In this sampling of studies and resources devoted to addressing health disparities, we see how deeply entrenched these disparities are in the U.S. healthcare system, and the ongoing need to address not only what many see as a societal wrong but what is also an unsustainable extra cost to an already overburdened healthcare system. As noted in the KFF report, roughly 30% of total direct medical costs for minorities (i.e., blacks, native Americans, Hispanics and Asians) are excess costs caused by health inequities.6
You Might Also Like
Explore This IssueSeptember 2018
Also By This Author
Moving beyond study and rhetoric to action that can reduce and remove these racial disparities is becoming all the more imperative given the rapidly changing demographics of the U.S., which is becoming more racially and ethnically diverse. Currently, nearly four in 10 (38%) of persons living in the U.S. are people of color. By 2045, people of color are projected to comprise more than 50% of the population, with the largest growth in Hispanics.6
To contribute to the ongoing effort to help reduce racial health disparities, the ACR has undertaken a number of initiatives over the past several years.
Addressing Racial Disparities in Rheumatology
S. Sam Lim, MD, MPH, clinical director in the Division of Rheumatology at Emory University in Atlanta and the chair of a working group within the ACR assembled to advance health equity and eliminate health disparities in rheumatology, is particularly plugged into the issue of racial disparities in rheumatology. Looking at the issue broadly, he emphasizes that the factors that contribute to racial/ethnic health disparities in rheumatology are fundamentally the same as those found in other fields, including complex and interrelated biological, behavioral, provider, healthcare system, societal and environmental factors.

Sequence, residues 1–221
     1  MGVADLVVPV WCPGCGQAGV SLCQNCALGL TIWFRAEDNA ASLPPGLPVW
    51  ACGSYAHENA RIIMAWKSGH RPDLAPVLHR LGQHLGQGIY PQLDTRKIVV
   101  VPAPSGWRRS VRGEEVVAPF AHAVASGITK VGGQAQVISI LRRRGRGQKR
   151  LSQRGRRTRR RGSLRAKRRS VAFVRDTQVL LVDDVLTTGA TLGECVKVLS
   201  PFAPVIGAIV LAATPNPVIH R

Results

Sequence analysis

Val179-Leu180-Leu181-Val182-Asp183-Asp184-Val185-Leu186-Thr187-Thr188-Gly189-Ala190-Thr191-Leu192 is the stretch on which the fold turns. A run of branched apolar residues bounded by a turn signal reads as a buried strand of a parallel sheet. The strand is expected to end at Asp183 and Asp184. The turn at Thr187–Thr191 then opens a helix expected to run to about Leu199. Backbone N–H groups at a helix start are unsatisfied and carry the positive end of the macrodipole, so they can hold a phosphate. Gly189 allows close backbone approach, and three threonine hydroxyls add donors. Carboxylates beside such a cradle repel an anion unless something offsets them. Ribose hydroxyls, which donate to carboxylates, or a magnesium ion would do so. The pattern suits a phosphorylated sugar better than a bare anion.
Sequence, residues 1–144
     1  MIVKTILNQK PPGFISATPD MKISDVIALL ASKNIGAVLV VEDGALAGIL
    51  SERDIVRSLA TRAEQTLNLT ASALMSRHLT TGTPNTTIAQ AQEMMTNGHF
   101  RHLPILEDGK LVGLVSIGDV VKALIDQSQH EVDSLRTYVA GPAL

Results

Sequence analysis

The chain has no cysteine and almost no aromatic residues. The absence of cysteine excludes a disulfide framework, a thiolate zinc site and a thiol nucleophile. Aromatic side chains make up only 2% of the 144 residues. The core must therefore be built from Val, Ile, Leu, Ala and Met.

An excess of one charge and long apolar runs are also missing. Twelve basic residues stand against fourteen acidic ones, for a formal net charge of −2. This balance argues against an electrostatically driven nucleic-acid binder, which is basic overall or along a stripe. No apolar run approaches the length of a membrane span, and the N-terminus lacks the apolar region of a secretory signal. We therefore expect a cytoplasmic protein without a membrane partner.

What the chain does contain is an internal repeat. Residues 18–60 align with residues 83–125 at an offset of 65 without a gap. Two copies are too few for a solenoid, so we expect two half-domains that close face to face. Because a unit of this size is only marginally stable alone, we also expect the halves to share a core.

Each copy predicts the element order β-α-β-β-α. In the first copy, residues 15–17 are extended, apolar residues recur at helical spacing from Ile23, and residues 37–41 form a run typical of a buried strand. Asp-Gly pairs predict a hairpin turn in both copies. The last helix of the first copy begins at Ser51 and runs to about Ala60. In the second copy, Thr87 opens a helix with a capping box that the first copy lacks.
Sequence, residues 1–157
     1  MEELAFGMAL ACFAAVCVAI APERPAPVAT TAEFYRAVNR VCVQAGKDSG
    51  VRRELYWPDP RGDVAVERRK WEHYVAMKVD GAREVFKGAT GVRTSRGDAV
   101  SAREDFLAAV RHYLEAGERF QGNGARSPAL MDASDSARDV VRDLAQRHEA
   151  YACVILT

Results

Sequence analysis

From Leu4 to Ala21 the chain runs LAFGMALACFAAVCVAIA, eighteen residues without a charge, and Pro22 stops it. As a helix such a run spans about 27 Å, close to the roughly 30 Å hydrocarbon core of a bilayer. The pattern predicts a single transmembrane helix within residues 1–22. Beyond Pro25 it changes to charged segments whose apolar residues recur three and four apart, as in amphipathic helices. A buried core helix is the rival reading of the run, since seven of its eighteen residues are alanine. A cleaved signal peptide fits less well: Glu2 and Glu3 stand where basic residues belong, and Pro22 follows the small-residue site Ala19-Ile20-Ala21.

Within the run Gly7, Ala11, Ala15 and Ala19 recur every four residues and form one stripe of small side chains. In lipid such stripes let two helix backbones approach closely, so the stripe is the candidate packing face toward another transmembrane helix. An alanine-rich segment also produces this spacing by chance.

“In many of the complex, systemic conditions rheumatologists treat, most of these factors are amplified,” he says, citing as an example the “particularly profound” gender and racial disparities in SLE.
Saying he thinks rheumatologists “work hard every day to mitigate various factors that contribute to disparities in care and outcomes” and are taking tangible steps to reduce disparities, he nonetheless believes “many need and seek additional steps they can take and resources available to them, their staff and their patients.”
One such resource is a new initiative the ACR calls Uniting Collaborators for Innovation (UCOIN). The ACR developed UCOIN as a way for members to generate, design and implement projects or to assist in ongoing projects to advance the mission of the ACR. Members are encouraged to use UCOIN as a platform to submit ideas and work with other members to collectively solve problems affecting the practice of rheumatology and the care of patients.